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'No Hats, No Hoods, No Sunglasses': Program Aims to Cut Bank Robberies

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CEDAR RAPIDS - The FBI says robbers have hit 193 banks or credit unions here over the past five years.

Their disguise has changed. But bank robbers are still in business of making off with your money.

Iowa City Police Chief Sam Hargadine says, "It's just a method of masking your identity, which makes it tougher for law enforcement to figure out who you are."

Chief Hargadine took his current post after leaving the force in Columbia, Missouri. The bordering state to our south saw a 30% increase in bank robberies during his time there, before its Bankers and Credit Union Associations began backing a program to curb the crime.

Now about half of all financial institutions there voluntarily hang signs on their doors to control customers' dress code.

No Hats, No Hoods, No Sunglasses, virtually nixing the new mask for the modern day robber.

"It's not going to be a cure-all. It's not something that's going to keep somebody from coming in. It's just a deterant like any other security measure is," says Betty Clark with the Missouri Credit Union Association.

But this deterant brought real results. From 125 robberies before it went into effect, to 83 the year after. Eventually dropping to 70

A significant drop and seeming success, however some places have had some major problems with the program.

Cheryl Jarvis, vice president at First National Bank in Hargadine's old hometown of Columbia, found some cancer patients and people of certain religious faiths didn't like the new restrictions.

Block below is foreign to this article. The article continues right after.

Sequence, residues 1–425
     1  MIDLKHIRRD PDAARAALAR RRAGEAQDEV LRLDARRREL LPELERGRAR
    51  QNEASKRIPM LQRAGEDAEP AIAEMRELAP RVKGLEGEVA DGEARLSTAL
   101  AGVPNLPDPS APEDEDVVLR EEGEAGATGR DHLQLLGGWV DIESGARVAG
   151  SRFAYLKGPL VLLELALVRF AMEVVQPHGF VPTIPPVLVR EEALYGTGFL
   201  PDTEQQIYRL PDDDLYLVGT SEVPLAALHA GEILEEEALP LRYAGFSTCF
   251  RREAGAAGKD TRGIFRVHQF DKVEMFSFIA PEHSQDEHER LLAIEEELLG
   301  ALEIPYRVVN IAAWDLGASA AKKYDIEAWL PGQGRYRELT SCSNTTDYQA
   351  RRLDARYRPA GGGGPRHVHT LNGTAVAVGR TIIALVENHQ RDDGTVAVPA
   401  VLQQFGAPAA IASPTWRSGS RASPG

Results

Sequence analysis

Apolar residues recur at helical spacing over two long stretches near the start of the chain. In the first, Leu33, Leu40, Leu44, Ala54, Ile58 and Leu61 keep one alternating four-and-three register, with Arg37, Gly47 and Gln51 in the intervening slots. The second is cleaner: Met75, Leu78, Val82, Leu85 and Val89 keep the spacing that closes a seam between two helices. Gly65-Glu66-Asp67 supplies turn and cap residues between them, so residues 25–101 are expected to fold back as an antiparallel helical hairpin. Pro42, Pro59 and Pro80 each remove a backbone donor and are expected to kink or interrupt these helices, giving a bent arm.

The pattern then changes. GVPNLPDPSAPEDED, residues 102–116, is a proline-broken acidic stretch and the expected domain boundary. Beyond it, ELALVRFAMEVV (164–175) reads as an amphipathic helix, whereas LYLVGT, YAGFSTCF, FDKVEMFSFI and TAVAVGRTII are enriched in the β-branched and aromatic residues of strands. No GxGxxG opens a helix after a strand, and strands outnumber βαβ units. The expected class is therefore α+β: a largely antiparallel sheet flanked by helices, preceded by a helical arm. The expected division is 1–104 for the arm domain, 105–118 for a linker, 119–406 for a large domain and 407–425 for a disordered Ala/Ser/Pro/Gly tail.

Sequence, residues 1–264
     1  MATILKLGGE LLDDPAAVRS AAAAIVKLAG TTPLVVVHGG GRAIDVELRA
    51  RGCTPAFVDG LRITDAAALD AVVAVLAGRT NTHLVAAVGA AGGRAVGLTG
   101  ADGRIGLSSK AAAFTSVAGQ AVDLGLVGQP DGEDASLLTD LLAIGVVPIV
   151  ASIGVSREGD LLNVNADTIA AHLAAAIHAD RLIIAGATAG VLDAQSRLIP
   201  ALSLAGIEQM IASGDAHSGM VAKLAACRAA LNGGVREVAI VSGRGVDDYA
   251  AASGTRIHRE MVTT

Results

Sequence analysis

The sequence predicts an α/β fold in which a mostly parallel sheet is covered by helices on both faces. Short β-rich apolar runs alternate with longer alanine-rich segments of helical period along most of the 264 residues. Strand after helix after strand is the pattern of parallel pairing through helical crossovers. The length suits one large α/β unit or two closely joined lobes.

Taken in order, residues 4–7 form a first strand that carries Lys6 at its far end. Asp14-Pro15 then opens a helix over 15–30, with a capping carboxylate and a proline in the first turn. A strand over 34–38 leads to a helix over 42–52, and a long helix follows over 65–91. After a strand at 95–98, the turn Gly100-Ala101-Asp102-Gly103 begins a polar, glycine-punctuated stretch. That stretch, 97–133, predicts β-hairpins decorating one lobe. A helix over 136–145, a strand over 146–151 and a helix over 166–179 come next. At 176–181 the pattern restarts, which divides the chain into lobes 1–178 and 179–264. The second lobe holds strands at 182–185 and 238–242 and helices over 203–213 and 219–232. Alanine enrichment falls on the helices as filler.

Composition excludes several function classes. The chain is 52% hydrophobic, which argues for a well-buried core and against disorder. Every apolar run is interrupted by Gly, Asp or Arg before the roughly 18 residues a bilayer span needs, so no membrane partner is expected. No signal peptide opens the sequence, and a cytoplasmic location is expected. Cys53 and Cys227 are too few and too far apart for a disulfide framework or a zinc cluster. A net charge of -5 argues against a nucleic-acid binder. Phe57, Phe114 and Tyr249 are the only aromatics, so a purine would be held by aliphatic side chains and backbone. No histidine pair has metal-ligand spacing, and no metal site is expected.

Now, her tellers don't approach people who disobey the sign.

"We do it quietly. We're not forceful with it. We don't say, you have to take your hat off. But we just try to pay more attention to those people," said Jarvis.

Still, some of those people turned out to be robbers. Of the five First National experienced after implementing the program, a few were wearing hats or hoods.

But Jarvis says relaxing the rule instead of removing it has probably done more good than bad, "We don't know the number of people who have walked up to the door and said, hmm, I'm going to go some place else, but we like to think that there's some."

Over the past year, robbers hit 13 banks and credit unions in eastern Iowa's metro areas. All but one wore something to cover their head or face.

Hargadine says he's holding his breath, because his city wasn't part of that number.

Now, his biggest worry, when it comes to banks, is the winter, when the temperature can drop to 30 below zero.

"I see a lot of people walking around in ski masks. It's cold out there. I just walked to my car and sometimes I wish I had a ski mask," noted Hargadine.

He found this multitude of different disguises the greatest challenge in bringing the program from his past north to Iowa.

But when he heard of its success, "Absolutely, I think it would be a very worthwhile program for this area."

Now, this spring, Hargadine plans to begin new community policing efforts.

After addressing the program's problems, he says No Hats, No Hoods, No Sunglasses could be Iowa City's next step in stopping this age-old financial crime.

The FBI tells TV9, there's a push to implement this program at all FDIC institutions in the nation, but it might be a while for that becomes a reality.

A few financial institutions in eastern Iowa have similar programs. We found Missouri is already among nine entire states participating in such a program.

A majority of individual banks or credit unions in five other states are also taking similar steps.

Click here for a behind the scenes look at this story in Josh's blog, Living Off The Air

We've also made a map with photos of the bank robberies in eastern Iowa during 2008.

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View Larger Map                                                                                                                             (blue=banks red=credit unions)

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